The Inferno of Dante: A New Verse Translation, Bilingual Edition

The Inferno of Dante: A New Verse Translation, Bilingual Edition

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by Dante, Michael Mazur
     
 

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The Inferno of Dante: A New Verse Translation, Bilingual Edition

This widely praised version of Dante's masterpiece, which won the Los Angeles Times Book Prize and the Harold Morton Landon Translation Award of the Academy of American Poets, is more idiomatic and approachable than its many predecessors. Former U.S. Poet Laureate Pinsky employs slant

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Overview

The Inferno of Dante: A New Verse Translation, Bilingual Edition

This widely praised version of Dante's masterpiece, which won the Los Angeles Times Book Prize and the Harold Morton Landon Translation Award of the Academy of American Poets, is more idiomatic and approachable than its many predecessors. Former U.S. Poet Laureate Pinsky employs slant rhyme and near rhyme to preserve Dante's terza rima form without distorting the flow of English idiom. The result is a clear and vigorous translation that is also unique, student-friendly, and faithful to the original: "A brilliant success," as Bernard Knox wrote in The New York Review of Books.

Editorial Reviews

Publishers Weekly - Publisher's Weekly
Though transforming Dante's terza rima into readable English has bogged down many a distinguished translator, Pinsky (The Want Bone) more than meets the challenge. His rendering has an efficient feel; the lines seem slimmer and less unwieldy than most contemporary verse translations. Each one of the cantos features a good number of stanzas dominated by monosyllables-his answer, along with intriguing patterns of assonance, to approximating the splendor of Dante's profusion of rhymes, which are impossible to replicate in English. The coherent narration of the translation is also welcome, as it keeps a harness on the sometimes meandering diction of the original. Pinsky's voice is nearly irresistible when rounding out the grotesqueries of Dante's Hell: his versions of the ninth and final circle bring the bizarre terror of the fiery pit to life. Plainspoken yet elegant, this Inferno sustains a tactile succession of images over 34 cantos, and lends itself to being read aloud. Illustrations not seen by PW.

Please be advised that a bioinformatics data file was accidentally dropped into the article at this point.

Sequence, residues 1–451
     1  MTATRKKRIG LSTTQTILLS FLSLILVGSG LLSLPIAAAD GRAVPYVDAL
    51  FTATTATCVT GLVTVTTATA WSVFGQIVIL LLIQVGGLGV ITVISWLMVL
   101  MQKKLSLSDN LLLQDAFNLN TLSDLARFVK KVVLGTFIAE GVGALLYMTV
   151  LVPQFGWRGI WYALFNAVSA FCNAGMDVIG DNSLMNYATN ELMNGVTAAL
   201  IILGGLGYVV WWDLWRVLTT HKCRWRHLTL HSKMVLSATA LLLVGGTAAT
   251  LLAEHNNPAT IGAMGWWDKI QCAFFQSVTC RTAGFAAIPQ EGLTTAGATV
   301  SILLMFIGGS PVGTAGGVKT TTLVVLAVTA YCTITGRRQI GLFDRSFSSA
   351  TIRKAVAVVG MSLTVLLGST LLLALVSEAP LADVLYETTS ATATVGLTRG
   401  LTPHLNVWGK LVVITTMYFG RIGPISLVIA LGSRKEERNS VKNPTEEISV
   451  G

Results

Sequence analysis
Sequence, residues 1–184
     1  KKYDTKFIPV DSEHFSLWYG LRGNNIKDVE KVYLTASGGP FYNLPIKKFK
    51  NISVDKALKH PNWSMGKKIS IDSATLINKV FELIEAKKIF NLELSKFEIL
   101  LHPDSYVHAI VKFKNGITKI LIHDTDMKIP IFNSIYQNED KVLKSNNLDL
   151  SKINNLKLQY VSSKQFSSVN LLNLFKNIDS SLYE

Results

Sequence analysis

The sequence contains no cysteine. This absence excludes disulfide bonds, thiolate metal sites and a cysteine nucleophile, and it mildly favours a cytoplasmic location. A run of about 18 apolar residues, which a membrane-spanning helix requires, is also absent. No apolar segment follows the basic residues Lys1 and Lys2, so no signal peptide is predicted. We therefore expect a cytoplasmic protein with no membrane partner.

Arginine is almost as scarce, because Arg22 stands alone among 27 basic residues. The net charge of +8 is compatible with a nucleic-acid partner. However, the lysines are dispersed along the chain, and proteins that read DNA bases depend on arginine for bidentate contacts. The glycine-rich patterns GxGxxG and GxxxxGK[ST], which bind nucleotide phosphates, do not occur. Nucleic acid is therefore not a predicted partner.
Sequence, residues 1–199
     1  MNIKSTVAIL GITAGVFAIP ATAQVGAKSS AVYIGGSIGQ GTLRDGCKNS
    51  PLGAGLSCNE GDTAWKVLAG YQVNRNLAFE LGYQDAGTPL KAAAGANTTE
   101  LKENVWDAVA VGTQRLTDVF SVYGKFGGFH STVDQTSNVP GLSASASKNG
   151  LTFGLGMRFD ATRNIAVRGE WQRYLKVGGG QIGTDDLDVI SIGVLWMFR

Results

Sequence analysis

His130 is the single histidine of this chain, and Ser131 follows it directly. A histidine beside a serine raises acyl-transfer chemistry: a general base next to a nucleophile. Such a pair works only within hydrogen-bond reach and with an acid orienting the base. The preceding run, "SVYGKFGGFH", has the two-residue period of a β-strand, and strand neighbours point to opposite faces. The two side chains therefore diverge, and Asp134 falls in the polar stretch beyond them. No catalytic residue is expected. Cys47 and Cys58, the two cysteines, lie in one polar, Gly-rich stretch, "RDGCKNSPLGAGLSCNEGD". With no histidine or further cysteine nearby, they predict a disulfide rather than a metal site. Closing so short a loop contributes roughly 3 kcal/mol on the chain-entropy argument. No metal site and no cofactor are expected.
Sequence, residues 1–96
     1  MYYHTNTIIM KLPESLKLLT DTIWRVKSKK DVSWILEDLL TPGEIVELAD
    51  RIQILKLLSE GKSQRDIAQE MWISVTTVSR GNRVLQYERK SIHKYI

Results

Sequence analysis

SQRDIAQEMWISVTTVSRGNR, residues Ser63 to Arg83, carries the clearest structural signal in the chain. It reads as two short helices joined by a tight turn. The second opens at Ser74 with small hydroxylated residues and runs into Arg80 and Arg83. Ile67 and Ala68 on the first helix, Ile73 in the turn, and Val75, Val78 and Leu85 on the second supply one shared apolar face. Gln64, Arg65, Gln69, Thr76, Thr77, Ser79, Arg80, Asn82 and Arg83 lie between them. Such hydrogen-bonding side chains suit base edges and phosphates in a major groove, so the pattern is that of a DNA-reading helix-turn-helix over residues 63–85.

Library Journal
Since Charles Rogers published the first complete translation of the Inferno in 1782, nearly 80 versions of Dante's masterpiece have appeared in English. Poet Pinsky (English, Boston Coll.) offers another. This book includes the Italian version at the end of the book, notes on textual allusions, a foreword by scholar John Freccero, and illustrations by Michael Mazur. Unlike other modern verse translations, notably those of Dorothy Sayers, John Ciardi, and Allen Mandelbaum, Pinsky's attempts to capture Dante's terza rima, the interlocking rhyme scheme aba, bcb, cdc, etc., which is difficult to sustain in English. A good poet, Pinsky is fluent if less literal than Ciardi and Mandelbaum, flattening Dante's diction. His version is a pleasure to read, but ultimately it does not supersede Ciardi's or Mandelbaum's.-T.L. Cooksey

Product Details

ISBN-13:
9781466878471
Publisher:
Farrar, Straus and Giroux
Publication date:
08/19/2014
Sold by:
Macmillan
Format:
NOOK Book
Pages:
360
Sales rank:
192,839
File size:
7 MB

Meet the Author

A former Poet Laureate of the United States, Robert Pinsky was born and raised in Long Branch, New Jersey. He teaches in the graduate writing program at Boston University and has also taught at the University of California at Berkeley. He lives in Cambridge, Massachusetts.


Dante Alighieri, or simply Dante (1265 - 1321), was an Italian poet from Florence. His central work, the Divina Commedia (originally called "Commedia" and later called "Divina" (divine) by Boccaccio hence "Divina Commedia"), is considered the greatest literary work composed in the Italian language and a masterpiece of world literature.
A former Poet Laureate of the United States, Robert Pinsky was born and raised in Long Branch, New Jersey. In addition to his books of poetry and The Inferno of Dante, he has written prose works, including The Life of David and The Sounds of Poetry.
Michael Mazur illustrated The Inferno of Dante from Farrar, Straus and Giroux.

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